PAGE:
Education Funding and Budget

5 unavoidable truths about school funding

Take Action ›

Take the pledge to fight for opportunity for all students! Click here›

By Amanda Litvinov /  photo by Anthony Iezzi

We know the strategies that help close achievement gaps: Lower class sizes. A broad curriculum. Attraction and retention of highly qualified teachers.

But these strategies are unobtainable without stable, adequate, and equitable funding. And that’s an approach to closing achievement gaps that we’ve never really tried says Bruce D. Baker, a professor in the Department of Educational Theory, Policy, and Administration in the Graduate School of Education at Rutgers University.

Baker is routinely frustrated by the pundits and policymakers who claim that America “pours money into failing schools.” We don’t, and we haven’t.

That’s the first thing you should know about school funding.

dollar bill icon1. “The data show that we’ve never provided sustained, adequate, and equitable funding in any of our disadvantaged communities,” says Baker. Too often, promising efforts on the part of one administration or elected body are abandoned after the next election cycle. And short-term funding improvements just don’t move the dial for struggling schools.

Here are 4 more truths about school funding:

2. Two-thirds of voters believe states should close tax loopholes before considering any cuts to public education. Some of our nation’s most profitable corporations pay less in state and federal income taxes than the average working family. And that means the loss of hundreds of billions, if not trillions, of dollars that pay for essentials like roads, bridges, emergency services, and schools.

capitol icon3. The needs of poorly funded districts are not met by federal programs like Title I and IDEA. Federal funding makes up only about 10 percent of all school funding. Federal education programs, while incredibly important, have simply never been funded at levels that would move the dial on eradicating inequities. Ultimately, it’s up to the states to equitably finance their schools.

4. No punitive evaluation system has ever been shown to make a dent in achievement gaps–but improving state school finance systems has. Money does matter. And more equitable distribution of funding can improve outcomes through targeted, sustained spending in high-needs schools, as studies of school finance reforms in the 1990s in Michigan, Kansas, and Massachusetts show.

gavel icon5. A court ruling in favor of increasing school funding doesn’t automatically bring relief for underfunded schools. Although such court cases do put pressure on state legislatures to address inadequate school funding, they do not necessarily make those funding systems more equitable. It is up to voters to hold elected leaders accountable for addressing inequity in school funding.

8 responses to “5 unavoidable truths about school funding

  1. As the husband of a teacher, I see the funding problem as it really is. Schools never get enough funding. They want better education and spend billions creating a new curriculum that basically teaches the same things the old did.
    Meanwhile teachers are underpaid, some schools are unfit to be in, even hazardous. Teachers have to purchase supplies out of their own underpaid pocket to be able to teach efficiently.
    Spend a week at your local school. Show up at the same time as the first teacher, go home at the same time as the last. Pay attention to what they have to deal with.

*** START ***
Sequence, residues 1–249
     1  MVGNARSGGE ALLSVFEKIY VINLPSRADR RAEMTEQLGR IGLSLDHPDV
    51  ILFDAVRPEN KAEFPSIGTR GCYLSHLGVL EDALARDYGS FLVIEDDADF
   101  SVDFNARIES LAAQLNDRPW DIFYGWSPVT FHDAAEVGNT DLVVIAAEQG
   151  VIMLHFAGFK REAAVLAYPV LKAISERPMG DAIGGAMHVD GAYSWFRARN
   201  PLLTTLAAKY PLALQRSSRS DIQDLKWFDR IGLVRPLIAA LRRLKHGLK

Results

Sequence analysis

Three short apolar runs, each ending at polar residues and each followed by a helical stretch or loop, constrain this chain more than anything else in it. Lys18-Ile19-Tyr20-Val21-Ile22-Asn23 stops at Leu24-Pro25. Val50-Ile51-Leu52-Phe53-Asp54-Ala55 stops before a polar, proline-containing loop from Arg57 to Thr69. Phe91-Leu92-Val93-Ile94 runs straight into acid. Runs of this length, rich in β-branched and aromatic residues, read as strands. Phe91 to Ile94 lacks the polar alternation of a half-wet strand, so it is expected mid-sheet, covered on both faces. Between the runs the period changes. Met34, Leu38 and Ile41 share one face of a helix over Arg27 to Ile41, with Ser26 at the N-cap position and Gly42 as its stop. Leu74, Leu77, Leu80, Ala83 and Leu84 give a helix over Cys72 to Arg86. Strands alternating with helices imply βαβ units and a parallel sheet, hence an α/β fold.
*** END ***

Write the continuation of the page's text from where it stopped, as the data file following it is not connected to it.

I double dog dare you

  2. Isn’t that the strategy of the GOP think tanks like ALEC, Americans for Prosperity, Heritage Foundation, CATO Institute, Free Congress Foundation and many others? Isn’t their aim to defund Public Education and privatize it? Much of the shamefully deceptive rhetoric we see bantered about these days stems from the move by moneyed interests to consolidate more, more, more $$$$capital$$$ to the top.

    National policy including the Gramm, Leach, Bliley Act, that repealed The Glass Steagall Act and destabilized Wall Street investment banks, as well as the Free Trade Agreements that effectively opened the floodgates for the offshoring of family sustaining USA jobs in the manufacturing sector to desperate sweatshops on foreign soil in return for higher profit margins and Wall Street gains were GOP bills. These bills benefitted NOT “we the people,” but the greatly benefitted the Wall Street financial sector and corporations. Then there’s corporate welfare, lobbied for and written into the tax code that witnesses $Hundreds of Billions$ in tax breaks and subsidies for corporations clearing $10s of Billions per quarter, as they park their earnings in offshore tax havens, or “inversions…” tax avoidance schemes.

    Even our very elections reflect this oligarchical influence of granting moneyed, special interest advantages and control in the selection of candidates and their resultant allegiances. “We the people” don’t have the resources to begin to compete with moneyed interests. This was lobbied for and achieved through campaign finance laws like Citizens United vs. The FEC, and look at the results! Corporations have

    So it is a natural progression that this movement of $$$capital$$$ consolidation to the oligarchs move into a push to privatize and CAPITALIZE on public education. One of the strategies working against us is the implementation of unfunded mandates in an attempt to “starve the beast.” Thus, assuring public schools flounder in the hopes that privatization is an idea that gains momentum with an electorate that is flooded with anti-public school, disingenuous rhetoric. Research the corporations and their markets shares that manufacture and distribute State Standardized Tests that our public schools are mandated to use. Follow the $$$money$$$…